To most of the 55,000 or so spectators at Lansdowne Road tomorrow, the match between Ireland and France, it will be simply that: a rugby match.
Okay, an important rugby match. A Six Nations game in a World Cup year. A home fixture against the French. A chance to beat them and avenge decades of defeats.
But to those of us gifted with an ability to see the bigger, pan-European picture, it is much more than that. It is nothing less than a political, proto-military and socio-economic struggle for the future of the European project.
Oh yes, let the rugby correspondents count the number of passes completed, the tackles missed and the tries scored.
Let the fans cheer at line-breaks, big hits and booming touch-finders. Let the alickadoos swig from their hip flasks and opine that Jackie Kyle would beat them all into a cocked hat.
But deep thinkers like myself know what's really going on. And it's not pretty. I don't want to be alarmist, but it involves the dreaded military-industrial complex as well.
Take the fact that French clubs have been trying to seduce our best players for years. With devious cunning, they offered better pay, better weather, better food and a better lifestyle. Despicable!
Why, only a week or so ago, Jonathon Sexton and Jamie Heaslip were snatched from the jaws of cash-rich bidders from France.
I don't like to appear boastful, but only a last-minute intervention by myself (I offered to top up the IRFU's offer by €10 a month -- each, mind) prevented a victory for the damned Frenchies.
Then there's their wine, their fancy restaurants, their croissants and their art-house films. And they have the cheek to blame America for its cultural imperialism. Sort yourselves out first, Jacques, I say!
Not to mention the thousands of French rugby "fans" (read spies) strolling around our capital city completely unsupervised right now.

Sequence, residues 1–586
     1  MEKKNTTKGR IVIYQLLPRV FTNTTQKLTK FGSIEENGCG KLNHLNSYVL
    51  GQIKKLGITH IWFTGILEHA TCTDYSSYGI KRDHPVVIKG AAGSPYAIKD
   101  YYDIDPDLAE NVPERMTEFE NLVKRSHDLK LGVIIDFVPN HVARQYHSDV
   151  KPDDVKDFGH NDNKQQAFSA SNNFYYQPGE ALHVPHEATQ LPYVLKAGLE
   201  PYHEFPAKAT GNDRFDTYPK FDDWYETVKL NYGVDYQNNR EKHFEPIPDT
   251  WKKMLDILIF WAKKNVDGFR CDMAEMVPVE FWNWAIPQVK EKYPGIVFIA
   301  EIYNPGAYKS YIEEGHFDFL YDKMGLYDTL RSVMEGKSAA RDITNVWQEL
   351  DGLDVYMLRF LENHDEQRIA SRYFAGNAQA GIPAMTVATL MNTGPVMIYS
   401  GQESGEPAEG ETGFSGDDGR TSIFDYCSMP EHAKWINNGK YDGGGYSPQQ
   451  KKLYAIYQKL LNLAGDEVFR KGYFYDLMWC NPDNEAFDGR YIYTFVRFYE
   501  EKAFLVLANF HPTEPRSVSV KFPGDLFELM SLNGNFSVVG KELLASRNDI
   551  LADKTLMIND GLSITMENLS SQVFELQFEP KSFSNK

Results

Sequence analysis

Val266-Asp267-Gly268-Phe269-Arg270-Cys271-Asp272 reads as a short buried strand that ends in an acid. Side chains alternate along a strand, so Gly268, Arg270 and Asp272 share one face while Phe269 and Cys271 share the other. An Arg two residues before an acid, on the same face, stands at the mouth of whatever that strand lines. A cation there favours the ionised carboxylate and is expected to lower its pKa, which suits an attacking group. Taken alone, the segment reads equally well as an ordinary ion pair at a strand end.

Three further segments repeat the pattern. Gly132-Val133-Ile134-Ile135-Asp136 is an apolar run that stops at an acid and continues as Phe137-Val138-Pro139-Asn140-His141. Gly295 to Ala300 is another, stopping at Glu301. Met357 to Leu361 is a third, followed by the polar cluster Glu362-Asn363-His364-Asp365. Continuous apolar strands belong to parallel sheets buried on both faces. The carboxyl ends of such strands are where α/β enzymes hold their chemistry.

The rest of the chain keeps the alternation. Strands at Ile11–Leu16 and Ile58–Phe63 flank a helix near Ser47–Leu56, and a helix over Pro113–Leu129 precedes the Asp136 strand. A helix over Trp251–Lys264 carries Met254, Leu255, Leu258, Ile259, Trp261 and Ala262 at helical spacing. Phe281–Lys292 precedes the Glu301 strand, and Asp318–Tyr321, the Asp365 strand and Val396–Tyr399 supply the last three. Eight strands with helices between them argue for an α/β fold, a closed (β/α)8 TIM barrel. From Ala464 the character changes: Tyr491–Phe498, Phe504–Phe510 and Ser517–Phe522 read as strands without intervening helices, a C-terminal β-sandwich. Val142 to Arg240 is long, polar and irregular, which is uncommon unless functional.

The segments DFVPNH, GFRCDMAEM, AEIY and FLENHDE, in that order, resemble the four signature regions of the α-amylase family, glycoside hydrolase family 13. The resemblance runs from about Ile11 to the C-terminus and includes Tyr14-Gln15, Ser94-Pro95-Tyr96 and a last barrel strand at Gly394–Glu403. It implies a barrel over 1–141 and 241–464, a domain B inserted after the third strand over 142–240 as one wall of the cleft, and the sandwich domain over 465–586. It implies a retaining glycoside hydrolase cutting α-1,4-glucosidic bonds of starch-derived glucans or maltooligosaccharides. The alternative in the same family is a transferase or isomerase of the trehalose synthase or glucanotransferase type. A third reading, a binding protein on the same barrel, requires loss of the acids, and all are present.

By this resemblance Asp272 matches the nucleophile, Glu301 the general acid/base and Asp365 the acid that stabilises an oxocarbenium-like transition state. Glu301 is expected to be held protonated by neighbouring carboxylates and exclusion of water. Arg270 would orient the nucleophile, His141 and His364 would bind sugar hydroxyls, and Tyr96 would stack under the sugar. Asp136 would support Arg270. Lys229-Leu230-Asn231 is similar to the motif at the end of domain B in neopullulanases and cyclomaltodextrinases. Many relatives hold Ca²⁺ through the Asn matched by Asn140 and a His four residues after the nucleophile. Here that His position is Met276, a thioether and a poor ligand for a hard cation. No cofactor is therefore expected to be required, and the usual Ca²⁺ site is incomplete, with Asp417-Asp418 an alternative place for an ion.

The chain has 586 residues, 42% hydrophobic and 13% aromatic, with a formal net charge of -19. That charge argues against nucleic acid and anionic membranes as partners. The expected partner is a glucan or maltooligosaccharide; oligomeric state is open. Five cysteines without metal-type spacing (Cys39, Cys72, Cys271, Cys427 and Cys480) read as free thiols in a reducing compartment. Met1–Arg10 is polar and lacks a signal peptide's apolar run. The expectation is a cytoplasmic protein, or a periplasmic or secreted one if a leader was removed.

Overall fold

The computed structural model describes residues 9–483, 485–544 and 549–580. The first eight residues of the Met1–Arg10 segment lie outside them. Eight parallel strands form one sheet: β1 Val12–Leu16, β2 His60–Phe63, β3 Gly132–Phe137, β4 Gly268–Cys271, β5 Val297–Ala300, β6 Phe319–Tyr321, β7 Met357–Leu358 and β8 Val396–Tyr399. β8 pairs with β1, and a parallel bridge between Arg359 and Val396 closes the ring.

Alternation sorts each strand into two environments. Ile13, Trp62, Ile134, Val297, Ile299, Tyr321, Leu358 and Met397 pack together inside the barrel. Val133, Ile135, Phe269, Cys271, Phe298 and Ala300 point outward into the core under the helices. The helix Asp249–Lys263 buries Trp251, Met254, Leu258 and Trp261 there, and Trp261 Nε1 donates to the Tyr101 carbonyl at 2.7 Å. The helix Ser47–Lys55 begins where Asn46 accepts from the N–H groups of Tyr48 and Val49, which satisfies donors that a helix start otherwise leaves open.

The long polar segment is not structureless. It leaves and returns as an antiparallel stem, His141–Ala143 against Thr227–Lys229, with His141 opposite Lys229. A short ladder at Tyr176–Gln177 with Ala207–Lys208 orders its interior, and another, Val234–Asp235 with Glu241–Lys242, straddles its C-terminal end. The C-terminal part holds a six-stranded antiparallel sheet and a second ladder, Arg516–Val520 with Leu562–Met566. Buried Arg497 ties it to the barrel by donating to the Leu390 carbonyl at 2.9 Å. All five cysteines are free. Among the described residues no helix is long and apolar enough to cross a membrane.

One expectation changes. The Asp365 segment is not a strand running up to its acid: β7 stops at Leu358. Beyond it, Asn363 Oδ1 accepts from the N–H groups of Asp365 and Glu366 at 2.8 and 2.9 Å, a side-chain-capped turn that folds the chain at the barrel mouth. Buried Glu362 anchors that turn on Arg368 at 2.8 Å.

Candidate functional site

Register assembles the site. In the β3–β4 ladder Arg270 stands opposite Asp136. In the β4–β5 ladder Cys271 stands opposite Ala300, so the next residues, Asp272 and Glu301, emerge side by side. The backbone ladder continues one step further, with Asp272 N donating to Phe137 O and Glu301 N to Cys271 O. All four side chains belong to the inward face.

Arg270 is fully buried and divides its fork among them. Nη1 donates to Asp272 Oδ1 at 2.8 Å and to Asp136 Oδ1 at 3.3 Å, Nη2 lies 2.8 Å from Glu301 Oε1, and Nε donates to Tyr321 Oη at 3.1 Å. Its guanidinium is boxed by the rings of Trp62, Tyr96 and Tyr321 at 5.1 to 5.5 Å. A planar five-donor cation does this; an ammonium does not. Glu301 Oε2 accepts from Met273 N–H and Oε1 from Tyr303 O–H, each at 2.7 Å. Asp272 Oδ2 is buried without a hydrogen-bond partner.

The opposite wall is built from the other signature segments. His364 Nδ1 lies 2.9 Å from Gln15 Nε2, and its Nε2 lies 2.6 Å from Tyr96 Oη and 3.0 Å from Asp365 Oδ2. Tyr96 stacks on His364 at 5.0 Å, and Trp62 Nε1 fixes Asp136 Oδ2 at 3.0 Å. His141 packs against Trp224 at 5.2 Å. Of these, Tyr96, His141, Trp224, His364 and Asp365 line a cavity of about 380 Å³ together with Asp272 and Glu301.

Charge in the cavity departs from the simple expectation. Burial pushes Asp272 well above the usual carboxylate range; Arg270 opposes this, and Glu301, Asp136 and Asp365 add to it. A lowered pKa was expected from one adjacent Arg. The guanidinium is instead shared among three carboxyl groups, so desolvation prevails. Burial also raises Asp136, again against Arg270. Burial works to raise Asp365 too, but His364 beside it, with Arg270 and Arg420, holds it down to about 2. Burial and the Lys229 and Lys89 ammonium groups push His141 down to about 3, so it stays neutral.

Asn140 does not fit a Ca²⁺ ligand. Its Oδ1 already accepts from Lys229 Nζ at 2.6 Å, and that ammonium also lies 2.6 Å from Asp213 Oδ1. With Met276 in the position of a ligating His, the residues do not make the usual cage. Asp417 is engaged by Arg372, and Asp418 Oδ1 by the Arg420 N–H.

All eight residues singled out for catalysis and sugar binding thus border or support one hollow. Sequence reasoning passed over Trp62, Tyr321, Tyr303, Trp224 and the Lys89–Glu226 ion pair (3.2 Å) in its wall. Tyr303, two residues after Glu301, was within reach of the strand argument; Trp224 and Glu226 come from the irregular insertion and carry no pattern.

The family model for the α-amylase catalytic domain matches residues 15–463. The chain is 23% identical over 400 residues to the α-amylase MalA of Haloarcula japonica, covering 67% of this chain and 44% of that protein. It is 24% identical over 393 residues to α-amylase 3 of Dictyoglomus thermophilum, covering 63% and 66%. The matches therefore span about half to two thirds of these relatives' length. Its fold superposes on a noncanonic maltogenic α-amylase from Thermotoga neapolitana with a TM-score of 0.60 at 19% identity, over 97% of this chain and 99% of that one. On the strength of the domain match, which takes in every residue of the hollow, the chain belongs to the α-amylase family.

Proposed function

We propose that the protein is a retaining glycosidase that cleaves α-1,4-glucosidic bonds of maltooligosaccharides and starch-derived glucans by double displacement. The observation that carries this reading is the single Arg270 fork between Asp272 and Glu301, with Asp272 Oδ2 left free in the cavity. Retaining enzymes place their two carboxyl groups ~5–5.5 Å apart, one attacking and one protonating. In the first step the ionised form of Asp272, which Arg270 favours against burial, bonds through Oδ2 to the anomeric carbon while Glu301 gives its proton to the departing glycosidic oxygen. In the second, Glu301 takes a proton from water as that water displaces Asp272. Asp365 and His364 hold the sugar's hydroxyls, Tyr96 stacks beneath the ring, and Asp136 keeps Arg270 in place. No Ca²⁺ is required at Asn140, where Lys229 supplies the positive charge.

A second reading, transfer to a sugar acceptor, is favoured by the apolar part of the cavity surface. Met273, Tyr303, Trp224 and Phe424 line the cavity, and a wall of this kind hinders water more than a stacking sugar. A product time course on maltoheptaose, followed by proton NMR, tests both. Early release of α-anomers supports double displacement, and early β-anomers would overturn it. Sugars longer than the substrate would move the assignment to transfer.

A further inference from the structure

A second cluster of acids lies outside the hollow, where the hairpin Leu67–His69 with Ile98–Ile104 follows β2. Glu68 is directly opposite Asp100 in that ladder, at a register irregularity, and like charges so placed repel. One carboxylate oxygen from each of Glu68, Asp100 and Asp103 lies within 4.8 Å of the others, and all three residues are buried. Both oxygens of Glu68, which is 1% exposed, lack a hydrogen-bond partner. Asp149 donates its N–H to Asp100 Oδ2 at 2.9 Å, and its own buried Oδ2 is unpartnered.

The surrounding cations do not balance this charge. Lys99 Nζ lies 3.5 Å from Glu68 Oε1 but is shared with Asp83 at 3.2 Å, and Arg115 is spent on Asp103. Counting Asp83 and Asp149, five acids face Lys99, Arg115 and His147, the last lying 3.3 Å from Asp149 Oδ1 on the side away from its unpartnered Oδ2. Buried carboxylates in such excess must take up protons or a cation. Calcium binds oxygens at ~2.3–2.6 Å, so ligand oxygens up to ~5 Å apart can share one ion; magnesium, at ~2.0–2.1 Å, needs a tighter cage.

Several will bring cockerels with them. The cockerel is the symbol of France, and they like to release one or two along the touchline during away matches.
Some see this as a sweet, lovable expression of patriotism. I have it on good authority that it is nothing less than a plot to weaken the breeding strength of the Irish poultry industry, and that is has been approved at the highest levels of the Sûreté.
Now, let us switch focus to the political arena. Tell me, did it not seem strange to you that only French cuisine was served at the recent summit of EU leaders in Brussels?
And were you aware that there is a strong link between rugby and politics in France? (French president Nicholas Sarkozy looks suspiciously like a scrum-half to me.)
At that summit, the Sarkozy, fortified no doubt by French wine and Vichyssoise or some other degenerate French muck, launched a vicious attack on our own dear Taoiseach, who was minding his own business lurrying down his meat and two veg.
The exchange was described by a diplomat present (and this bit is actually true) as "a bloodbath" as Sarkozy lambasted Cowen over Ireland's low corporate tax rate.
Aha! You see! The penny drops. Sport, how are ye. Tomorrow is not about the Six Nations, or the Grand Slam or any of that sporting rubbish. It's about money and power.
Carl von Clausewitz said war was politics by other means. Orwell said sport was "war without the shooting". Now, do you still think that tomorrow's match is just about rugby?
I have tried to explain to my French in-laws my belief that rugby is just another weapon in the French armoury as they gear up for European domination. They listen politely, making strange finger-circling gestures beside their temples.
After much consideration, I have come to the conclusion that there is only one way to halt this dastardly conspiracy in its tracks. We'll just have to beat them. Come on Ireland!